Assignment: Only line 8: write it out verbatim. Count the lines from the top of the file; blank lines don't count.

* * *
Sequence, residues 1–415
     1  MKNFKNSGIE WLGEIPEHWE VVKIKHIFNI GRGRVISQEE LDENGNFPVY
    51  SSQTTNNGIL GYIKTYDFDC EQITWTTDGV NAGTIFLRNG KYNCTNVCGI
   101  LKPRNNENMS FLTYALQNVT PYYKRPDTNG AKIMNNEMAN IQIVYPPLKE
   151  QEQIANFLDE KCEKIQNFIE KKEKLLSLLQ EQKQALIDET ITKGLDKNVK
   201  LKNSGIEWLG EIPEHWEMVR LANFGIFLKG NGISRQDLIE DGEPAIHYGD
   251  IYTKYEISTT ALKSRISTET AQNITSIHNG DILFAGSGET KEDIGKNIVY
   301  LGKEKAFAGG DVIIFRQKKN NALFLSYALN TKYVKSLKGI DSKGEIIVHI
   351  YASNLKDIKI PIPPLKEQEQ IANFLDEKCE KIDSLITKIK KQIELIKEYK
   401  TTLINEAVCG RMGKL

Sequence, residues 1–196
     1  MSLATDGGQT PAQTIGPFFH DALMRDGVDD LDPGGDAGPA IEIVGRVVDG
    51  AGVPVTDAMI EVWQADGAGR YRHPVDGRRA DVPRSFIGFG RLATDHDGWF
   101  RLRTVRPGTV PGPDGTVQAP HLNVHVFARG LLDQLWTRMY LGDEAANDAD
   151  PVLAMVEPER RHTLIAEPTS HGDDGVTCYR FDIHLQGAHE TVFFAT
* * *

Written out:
   301  LGKEKAFAGG DVIIFRQKKN NALFLSYALN TKYVKSLKGI DSKGEIIVHI